Further Explorations on the Impact of Flow & Ecstasis

A roundup of this month’s intriguing  lessons and viewpoints.


Stealing Fire by Steven Kotler and Jamie Wheal came out on February 21, 2017.  I quickly requested it through my local library, and was lucky enough to receive a brand new copy in the book’s first week of release!


Stealing Fire is about the current state of FLOW in our lives, in our times, and with our current scientific approaches.  It gives us a view about the state of ecstasis.

When we say ecstasis we’re talking about a very specific range of non ordinary states of consciousness (NOSC) – what Johns Hopkins psychiatrist Stanislav Grof defined as those experiences “characterized by dramatic perceptual changes, intense and often unusual emotions, profound alterations in the thought processes and behavior, [brought about] by a variety of psychosomatic manifestations, rang[ing] from profound terror to ecstatic rapture…  There exist many different forms of NOSC; they can be induced by a variety of different techniques or occur spontaneously, in the middle of everyday life.”

-Kotler & Wheal, Stealing Fire, Page 23

I first stumbled upon Flow in a conscious state when I began a commitment to writing and meditation in 2013.  The intention was two-fold.  I wanted to pro-actively heal the grief I was feeling and did not understand and I also wanted to provide understanding for others (and myself) about why and how my life transformed from 350 lbs of self destructive catastrophe to 199 lbs of productive contribution 10 years prior so that I could impart some wisdom of the process for others.

Something happened when I reflected deeply on these aspects of my life, when I allowed emotions to arise through these deep reflections, and when I contemplated steps, actions, and the discernment of current and future movements.

I felt a sense that was beyond myself further than any other objective perspective I’d ever experienced and quite frankly it scared the shit out of me.  I had never allowed myself to be so open, be so unequivocally receptive, or travel to these lengths at anytime during my teens or 20’s unless it was in a completely reckless or destructive manner.  I had been quite closed during those years as I was extremely afraid of everything coined “life”.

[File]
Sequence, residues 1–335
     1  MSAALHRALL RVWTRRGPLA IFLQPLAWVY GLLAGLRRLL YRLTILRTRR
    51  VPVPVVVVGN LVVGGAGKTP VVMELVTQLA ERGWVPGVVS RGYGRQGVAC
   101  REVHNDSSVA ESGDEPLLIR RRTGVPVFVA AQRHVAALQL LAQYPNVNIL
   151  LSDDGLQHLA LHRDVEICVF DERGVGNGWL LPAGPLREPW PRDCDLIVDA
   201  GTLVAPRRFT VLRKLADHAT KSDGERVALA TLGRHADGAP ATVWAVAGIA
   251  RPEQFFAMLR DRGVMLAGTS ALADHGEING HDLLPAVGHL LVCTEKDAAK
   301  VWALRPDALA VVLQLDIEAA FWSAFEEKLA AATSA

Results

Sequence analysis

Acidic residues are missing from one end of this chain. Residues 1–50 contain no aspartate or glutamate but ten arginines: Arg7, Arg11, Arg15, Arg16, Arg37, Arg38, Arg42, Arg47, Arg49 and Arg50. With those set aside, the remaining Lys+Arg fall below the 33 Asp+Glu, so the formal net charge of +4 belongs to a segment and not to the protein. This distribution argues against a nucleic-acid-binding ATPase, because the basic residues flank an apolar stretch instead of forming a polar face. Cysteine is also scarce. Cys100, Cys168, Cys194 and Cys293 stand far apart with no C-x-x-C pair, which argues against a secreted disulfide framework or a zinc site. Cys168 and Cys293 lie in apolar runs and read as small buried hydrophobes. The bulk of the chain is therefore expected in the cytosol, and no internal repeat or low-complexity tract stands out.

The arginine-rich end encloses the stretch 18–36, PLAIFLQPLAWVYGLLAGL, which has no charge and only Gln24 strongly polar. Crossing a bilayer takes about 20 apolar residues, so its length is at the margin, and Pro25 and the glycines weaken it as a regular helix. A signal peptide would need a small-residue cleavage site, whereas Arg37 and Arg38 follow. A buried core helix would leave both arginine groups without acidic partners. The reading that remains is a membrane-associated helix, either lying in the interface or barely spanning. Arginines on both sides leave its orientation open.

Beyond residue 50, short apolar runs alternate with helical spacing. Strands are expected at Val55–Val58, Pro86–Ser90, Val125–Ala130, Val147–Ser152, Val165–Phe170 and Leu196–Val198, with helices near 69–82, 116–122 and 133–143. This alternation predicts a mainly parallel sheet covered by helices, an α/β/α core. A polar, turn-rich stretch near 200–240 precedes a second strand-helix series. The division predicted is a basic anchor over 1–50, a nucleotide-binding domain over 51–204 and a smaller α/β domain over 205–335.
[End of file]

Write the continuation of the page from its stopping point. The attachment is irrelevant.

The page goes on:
After I experienced this newfound state of Flow I began researching the description of the feelings and effects.  What was happening to me?  What had I allowed myself to do?  And furthermore, where could I safely take it…  The research landed me in various corners of religion, spirituality, some science and plenty of woo woo.

But then I stumbled upon a guy named Jason Silva.  Silva is a philosopher, media artist, futurist, keynote speaker, TV personality and creator of the hit YouTube Channel  ‘Shots of Awe’.  His unique and charismatic offerings gave me a direct correlation into another persons experience of this vibrant feeling and his descriptions gave words to that which I could not yet quite describe, FLOW.

Photo Source:  ThisIsJasonSilva.com

Through Silva I was able to link into The Flow Genome Project and begin listening to and researching through podcasts with it’s founders Steven Kotler and Jamie Wheal (also the co-authors of Stealing Fire).  It gave me some scientific background and understanding as to what was occurring in these states.  My original article on Flow can be read here.

“Flow is the peak performance state where you feel your best and you perform your best.”  


Stealing Fire picks up where the science of Flow currently is and also investigates where all of this may go.  One of my favorite things about Flow is that it is not just for the elite, it is an attribute that either lays dormant within or can be acquired, but is most certainly for the every day person and the every day life.  I may write up a deeper review in the future.  But let’s just say I am stoked this book is out now.


Breaking the Habit of Being Yourself:  How to Lose Your Mind and Create a New One by Dr. Joe Dispenza

Inner Engineering by Sadhguru

Yoga Sutras of Patanjali As interpreted by Mukunda Stiles




Each week I listen to podcasts while I’m walking, working out, or driving.  A friend of mine recommended listening to an episode of the Rich Roll Podcast after a conversation we had about breathing, finishing manuscripts, and the discernment of what to do with finished creative projects.

Rich Roll Podcast Episode #267 with Guru Singh was an absolute delight to listen to and directly correlated to some current experiences in my life!  As described on Roll’s website Guru Singh is a Master Spiritual Teacher on the power of cultivating awareness to awaken your highest self.  I can relate to Roll on many levels.  He conveys feeling the magnetism of exploring his limits.  Roll describes an extreme nature that has led him into and out of alcoholism, his current participation in ultra endurance sports, and just a deep natural drive within to always go to the edge of everything.  He admits his ‘innate nature is still pushing me to be out of balance’.

It’s a tricky feeling to navigate and one that I’ve noticed has some similarities to the aspects of being in a Flow State, whether that is conscious, unconscious, or proactively induced.  I have deeply felt the effects of this same pull and have only found in recent years through continuous and arduous amounts of direct research and experience that living a balanced life is the key to maintaining a productive engagement with this feeling.